As the system struggled to meet the requirements of priority ‘life-saving’ sectors, early recovery – consistently the smallest sector – saw funding shrink in 2021 to its lowest levels over the study period, receiving just 17% of what it requested. Funding for education also fell after an increase in 2020. However, funding for the protection sector, which had long been the subject of concern, rose steadily over the period as recognition of growing needs increased. At $1.4 billion, 2021 saw the highest volume of protection funding to date – but little change in the proportion of needs met, as requirements appeared to nearly double from the previous year.  

While sector-specific reporting provides a useful overview of the balance of the humanitarian effort, it is arguably at odds with the desire to move to a holistic understanding of need that reduces the competition between sectors (see Chapter 5). It also fails to capture the levels of funding to cross-cutting interventions. This has been a perennial problem for protection, which as a sector is undeniably underfunded, but where interventions mainstreamed in other sectors are hard to track. Shortfalls in funding to support gender equity have also been raised repeatedly, but are hard to quantify as interventions cut across sectors – a visibility issue that perpetuates underfunding.154 A recent Inter-Agency Humanitarian Evaluation (IAHE) found that there was inadequate funding for gender expertise due to an ‘implicit assumption among some programming staff that GEEWG [gender equality and empowerment of women and girls] considerations can be addressed without resources, including funding for expertise’.155,156 

At $1.4 billion, 2021 saw the highest volume of protection funding to date – but little change in the proportion of needs met, as requirements appeared to nearly double from the previous year.

Figure 26: Requirements and funding by sector, 2018–2021

Food security is by far the largest humanitarian sector, accounting for 40% of all sector requirements in 2021. The Health sector saw an obvious peak in 2020 as a result of the COVID-19 pandemic; and protection, WASH and education have steadily increased year on year since 2018.

Source: Development Initiatives (Global Humanitarian Assistance – GHA), based on UN OCHA FTS API.

Notes: See methodology in Annex 3 for more details. Other sectors includes CSS, Logistics, CCM, Agriculture, Emergency Telecommunications, and Other. There are no recorded requirements for Unspecified sectors. Data is in current prices. Technical sectors are aligned to FTS’ global clusters based on DI mapping. Totals therefore do not match FTS overview figures. Figures include Humanitarian response plans, flash appeals and other response plans but not Refugee Response Plans, for which comparable sector data is not available for the full period.

What are the impacts of funding shortfalls?

Views of affected people 

In 2021, 39% of survey respondents said that they were satisfied with the amount of aid they received, compared to 43% in the previous study period.157 This decline reflects the trend in funding against appeals, both globally and in most of the survey countries.158 Aid recipients identified ‘not enough aid’ as the biggest barrier to receiving support – with a third of survey respondents saying that this was the greatest problem. Notably, these are the views of those who received some support; the surveys did not include communities that missed out altogether.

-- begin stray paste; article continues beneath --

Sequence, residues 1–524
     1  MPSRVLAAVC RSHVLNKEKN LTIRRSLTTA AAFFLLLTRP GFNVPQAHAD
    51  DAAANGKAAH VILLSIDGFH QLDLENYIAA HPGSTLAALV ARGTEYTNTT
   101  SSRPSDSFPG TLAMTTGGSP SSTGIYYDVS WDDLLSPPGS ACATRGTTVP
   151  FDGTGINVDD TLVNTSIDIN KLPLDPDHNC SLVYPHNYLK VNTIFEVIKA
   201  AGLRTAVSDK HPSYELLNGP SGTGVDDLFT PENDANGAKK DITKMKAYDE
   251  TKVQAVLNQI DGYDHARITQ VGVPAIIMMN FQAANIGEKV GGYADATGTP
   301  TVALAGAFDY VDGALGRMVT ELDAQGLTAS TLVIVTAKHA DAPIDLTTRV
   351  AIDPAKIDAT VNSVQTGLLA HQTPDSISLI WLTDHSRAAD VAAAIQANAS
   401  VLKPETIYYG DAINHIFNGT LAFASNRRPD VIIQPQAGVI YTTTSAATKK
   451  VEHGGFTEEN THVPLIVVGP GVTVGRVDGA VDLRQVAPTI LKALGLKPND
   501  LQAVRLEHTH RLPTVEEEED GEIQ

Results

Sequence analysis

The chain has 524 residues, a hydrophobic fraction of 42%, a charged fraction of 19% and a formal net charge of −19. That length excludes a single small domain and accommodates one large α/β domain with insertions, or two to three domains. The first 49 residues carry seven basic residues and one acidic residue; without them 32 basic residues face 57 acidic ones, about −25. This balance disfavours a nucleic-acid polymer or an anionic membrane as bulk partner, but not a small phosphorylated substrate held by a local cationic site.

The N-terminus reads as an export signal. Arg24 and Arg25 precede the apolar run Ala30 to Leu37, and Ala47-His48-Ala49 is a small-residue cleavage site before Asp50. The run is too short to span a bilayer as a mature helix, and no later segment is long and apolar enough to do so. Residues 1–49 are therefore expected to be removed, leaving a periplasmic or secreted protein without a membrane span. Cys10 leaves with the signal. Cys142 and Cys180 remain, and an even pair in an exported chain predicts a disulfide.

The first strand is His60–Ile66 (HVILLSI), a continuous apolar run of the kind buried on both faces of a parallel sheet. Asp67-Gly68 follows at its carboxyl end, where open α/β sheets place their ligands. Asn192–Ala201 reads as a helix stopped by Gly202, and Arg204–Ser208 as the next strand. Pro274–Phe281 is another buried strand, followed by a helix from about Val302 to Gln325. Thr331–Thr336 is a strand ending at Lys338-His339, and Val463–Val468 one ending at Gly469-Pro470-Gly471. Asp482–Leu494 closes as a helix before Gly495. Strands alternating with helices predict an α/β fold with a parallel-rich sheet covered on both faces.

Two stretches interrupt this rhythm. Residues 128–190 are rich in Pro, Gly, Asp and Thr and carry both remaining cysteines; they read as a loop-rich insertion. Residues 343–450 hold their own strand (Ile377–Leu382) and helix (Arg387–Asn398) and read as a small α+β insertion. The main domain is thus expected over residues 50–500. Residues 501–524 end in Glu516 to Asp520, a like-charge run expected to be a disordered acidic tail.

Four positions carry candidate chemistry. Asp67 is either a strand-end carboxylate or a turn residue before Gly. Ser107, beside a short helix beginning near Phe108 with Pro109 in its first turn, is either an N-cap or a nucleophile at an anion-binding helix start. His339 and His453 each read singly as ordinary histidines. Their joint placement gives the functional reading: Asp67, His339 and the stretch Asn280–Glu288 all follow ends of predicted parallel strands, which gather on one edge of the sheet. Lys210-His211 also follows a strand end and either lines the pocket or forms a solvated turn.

Aid recipients identified ‘not enough aid’ as the biggest barrier to receiving support – with a third of survey respondents saying that this was the greatest problem.

It is also important to remember that recipients’ views of sufficiency are based on the level of support that comes out of the system, not the amount of funding that goes into it. Multiple obstacles stand in the way of providing levels of support commensurate with the severity of need, including transaction costs,159 organisations’ absorption capacity and access. For example, in Tigray, Ethiopia, where access was blocked, just 8% of survey respondents reported that they were satisfied with the amount of aid they received, compared to 39% and 53% respectively in Oromia and Somali regions.

Global averages masked significant differences between countries and population groups. Overall, refugees were 60% less likely than other groups to express satisfaction with the amount of aid they received.160 This was particularly striking in Lebanon, where refugees were 70% less likely than other groups to answer positively – a response that may be attributable to the protracted nature of their displacement, volatility in the support they received and the lack of alternative livelihood options for coping in the face of rapid inflation. Interestingly, in all countries surveyed women were more likely to be positive than men about the amount they received – on average 30% more likely to answer yes. This was a new finding; in the previous period, men and women tended to answer the same. The extent to which this response is a result of deliberate efforts by humanitarian agencies, or of social norms about gratitude and expectations, is hard to know.